Ontario Births (FamilySearch Historical Records)Edit This Page
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|This article describes a collection of historical records available at FamilySearch.org.|
Access the records: Canada, Ontario Births .
Collection Time Period
This collection includes birth records from 1869 through 1912
Important biographical information found in these birth records:
- When the child was born
- Child’s name
- Sex (M. for male or F. for female)
- Name and surname of the father
- Name and maiden surname of the mother
- Signature description and residence of the informant
- Where the birth was registered
- Name of accoucheur (doctor or midwife attending the birth)
- County were the record was created
How to Use the Record
Begin your search by finding your ancestors in the index. Use the locator information in the index (such as page, entry, or certificate number) to locate your ancestors in the birth records. Compare the information in the birth record to what you already know about your ancestors to determine if this is the correct person. You may need to compare the information of more than one person to make this determination. Be aware that as with any index, transcription errors may occur. When you have located your ancestor’s birth record, carefully evaluate each piece of information about them. These pieces of information may give you new biographical details that can lead you to other records about your ancestors.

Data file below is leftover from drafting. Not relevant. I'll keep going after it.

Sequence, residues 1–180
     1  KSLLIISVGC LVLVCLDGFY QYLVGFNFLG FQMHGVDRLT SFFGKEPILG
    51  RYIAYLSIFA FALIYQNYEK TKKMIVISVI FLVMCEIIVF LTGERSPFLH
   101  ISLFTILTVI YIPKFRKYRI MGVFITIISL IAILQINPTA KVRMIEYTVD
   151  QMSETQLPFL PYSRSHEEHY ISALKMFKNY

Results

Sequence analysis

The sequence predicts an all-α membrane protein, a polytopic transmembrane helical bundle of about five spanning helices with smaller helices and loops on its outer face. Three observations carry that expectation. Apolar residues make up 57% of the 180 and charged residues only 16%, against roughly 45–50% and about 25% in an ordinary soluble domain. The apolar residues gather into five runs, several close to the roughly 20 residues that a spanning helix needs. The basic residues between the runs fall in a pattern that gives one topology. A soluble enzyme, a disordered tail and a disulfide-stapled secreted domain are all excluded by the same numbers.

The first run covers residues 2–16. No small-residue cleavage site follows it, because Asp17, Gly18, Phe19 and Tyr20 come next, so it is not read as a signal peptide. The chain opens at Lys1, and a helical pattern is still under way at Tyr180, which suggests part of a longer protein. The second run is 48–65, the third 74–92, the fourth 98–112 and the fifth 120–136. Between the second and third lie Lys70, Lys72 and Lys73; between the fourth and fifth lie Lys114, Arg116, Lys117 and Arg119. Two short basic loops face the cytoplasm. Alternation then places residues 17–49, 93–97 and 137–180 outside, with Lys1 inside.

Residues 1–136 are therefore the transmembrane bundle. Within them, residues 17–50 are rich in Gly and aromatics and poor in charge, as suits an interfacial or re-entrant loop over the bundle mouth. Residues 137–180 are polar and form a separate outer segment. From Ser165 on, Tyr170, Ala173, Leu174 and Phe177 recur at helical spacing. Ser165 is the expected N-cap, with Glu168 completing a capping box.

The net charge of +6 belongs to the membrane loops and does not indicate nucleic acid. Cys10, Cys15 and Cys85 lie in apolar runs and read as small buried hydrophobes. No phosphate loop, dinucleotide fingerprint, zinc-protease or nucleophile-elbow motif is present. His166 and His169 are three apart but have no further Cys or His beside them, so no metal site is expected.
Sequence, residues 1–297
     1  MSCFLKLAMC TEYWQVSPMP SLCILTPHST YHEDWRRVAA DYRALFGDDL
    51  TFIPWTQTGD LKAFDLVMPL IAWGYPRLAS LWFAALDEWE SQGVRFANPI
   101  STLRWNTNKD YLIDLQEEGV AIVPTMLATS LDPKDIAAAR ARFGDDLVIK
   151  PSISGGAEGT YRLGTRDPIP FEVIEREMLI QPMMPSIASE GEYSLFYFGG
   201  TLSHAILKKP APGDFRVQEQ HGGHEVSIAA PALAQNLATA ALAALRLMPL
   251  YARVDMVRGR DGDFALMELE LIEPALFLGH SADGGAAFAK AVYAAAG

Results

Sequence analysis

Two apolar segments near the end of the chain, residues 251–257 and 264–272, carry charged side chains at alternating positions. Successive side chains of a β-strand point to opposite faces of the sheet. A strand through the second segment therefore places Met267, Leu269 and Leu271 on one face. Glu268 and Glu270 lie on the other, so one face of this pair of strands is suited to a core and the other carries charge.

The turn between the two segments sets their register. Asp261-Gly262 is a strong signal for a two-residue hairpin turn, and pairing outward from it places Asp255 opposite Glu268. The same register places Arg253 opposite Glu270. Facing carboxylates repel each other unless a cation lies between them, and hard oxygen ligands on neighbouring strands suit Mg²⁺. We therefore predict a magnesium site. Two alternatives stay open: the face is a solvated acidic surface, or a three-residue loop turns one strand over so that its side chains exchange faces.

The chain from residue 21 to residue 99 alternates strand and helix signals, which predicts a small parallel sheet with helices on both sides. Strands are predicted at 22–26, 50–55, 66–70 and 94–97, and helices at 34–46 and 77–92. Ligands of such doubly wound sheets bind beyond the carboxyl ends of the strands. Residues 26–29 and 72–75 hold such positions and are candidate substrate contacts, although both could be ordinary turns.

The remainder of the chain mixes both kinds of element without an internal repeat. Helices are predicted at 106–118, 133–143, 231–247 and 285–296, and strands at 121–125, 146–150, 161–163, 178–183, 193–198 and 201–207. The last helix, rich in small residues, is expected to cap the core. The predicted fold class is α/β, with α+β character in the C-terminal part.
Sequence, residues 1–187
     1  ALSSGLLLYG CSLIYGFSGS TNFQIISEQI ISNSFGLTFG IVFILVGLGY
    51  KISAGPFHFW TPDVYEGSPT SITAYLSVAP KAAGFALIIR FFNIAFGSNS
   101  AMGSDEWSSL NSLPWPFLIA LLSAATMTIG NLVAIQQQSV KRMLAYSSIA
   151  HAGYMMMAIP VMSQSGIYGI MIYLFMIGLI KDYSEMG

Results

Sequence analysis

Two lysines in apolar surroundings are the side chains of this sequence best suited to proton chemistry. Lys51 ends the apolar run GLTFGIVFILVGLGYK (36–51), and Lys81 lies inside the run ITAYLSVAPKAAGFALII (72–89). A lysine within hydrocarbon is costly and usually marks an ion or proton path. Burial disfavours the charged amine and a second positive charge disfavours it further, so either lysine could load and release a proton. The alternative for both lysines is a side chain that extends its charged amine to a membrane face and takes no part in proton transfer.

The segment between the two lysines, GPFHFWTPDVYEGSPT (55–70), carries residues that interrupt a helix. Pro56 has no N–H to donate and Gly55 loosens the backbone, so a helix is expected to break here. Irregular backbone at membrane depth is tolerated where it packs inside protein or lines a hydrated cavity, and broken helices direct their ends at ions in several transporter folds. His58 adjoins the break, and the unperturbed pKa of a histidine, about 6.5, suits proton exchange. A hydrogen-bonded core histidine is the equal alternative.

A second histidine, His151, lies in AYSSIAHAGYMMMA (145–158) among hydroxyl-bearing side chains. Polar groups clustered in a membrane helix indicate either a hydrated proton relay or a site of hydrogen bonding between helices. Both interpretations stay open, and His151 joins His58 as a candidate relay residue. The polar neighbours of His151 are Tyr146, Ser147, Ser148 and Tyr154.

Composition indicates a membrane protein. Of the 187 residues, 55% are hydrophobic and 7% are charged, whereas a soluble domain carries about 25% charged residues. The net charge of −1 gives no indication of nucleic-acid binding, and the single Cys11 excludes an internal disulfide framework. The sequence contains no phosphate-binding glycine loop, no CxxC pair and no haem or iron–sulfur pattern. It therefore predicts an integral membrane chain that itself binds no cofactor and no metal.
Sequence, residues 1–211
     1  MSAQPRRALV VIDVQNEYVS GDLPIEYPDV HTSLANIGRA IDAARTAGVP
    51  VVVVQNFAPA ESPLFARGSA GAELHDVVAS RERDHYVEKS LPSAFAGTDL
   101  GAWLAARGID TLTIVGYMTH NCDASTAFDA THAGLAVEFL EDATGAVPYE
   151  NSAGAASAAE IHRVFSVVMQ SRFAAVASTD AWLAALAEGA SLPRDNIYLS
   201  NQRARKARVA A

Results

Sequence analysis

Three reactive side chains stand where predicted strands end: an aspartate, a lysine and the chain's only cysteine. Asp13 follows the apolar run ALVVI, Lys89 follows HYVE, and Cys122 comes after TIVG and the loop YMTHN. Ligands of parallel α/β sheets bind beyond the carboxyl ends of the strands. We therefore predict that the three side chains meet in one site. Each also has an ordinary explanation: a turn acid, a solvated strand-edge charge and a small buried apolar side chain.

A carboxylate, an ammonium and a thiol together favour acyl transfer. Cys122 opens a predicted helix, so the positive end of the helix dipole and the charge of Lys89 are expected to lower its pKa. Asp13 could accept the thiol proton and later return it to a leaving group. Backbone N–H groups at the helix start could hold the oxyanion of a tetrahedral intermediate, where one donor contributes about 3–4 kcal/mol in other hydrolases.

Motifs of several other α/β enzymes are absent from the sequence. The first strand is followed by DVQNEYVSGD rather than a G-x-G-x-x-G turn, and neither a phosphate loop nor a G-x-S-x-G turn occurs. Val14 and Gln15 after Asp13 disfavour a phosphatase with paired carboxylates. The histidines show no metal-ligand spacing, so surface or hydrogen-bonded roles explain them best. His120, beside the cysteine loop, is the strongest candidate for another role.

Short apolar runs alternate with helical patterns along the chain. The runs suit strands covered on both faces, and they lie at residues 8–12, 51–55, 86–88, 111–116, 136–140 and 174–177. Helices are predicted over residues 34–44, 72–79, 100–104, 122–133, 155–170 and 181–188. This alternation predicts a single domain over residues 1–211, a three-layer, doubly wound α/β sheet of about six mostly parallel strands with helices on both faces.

- Use the birth date along with the place of birth to find the family in census records.
- Use the residence and names of the parents to locate church and land records.
- The father’s occupation can lead you to employment records or other types of records such as military records.
- The parents’ birthplaces can indicate former residences and can help to establish a migration pattern for the family.
If you want to find more information about the family, it is often helpful to extract the information from the records of all the children with the same parents. If the surname is unusual, you may want to compile birth entries for every person of the same surname and sort them into families based on the names of the parents. Continue to search the birth records to identify siblings, parents, and other relatives in the same or other generations who were born in the same county or nearby.
Keep in mind:
• The information in birth records is usually reliable, but depends upon the reliability of the informant.
• Earlier records may not contain as much information as the records created after the late 1800s.
• There is also some variation in the information given from record to record.
A provincial act to register births, marriages, and deaths went into effect on July 1, 1869. This act created the Office of the Registrar General, and in each county or incorporated city or town, a clerk of the peace acted as the district registrar. Each municipality (city, village, town, township, or district) had a division registrar who sent all their books to a district registrar. This district registrar then transmitted the records to the registrar general at the provincial level. In 1875, the office of district registrar was eliminated, and the division registrars began sending their registrations directly to the registrar general.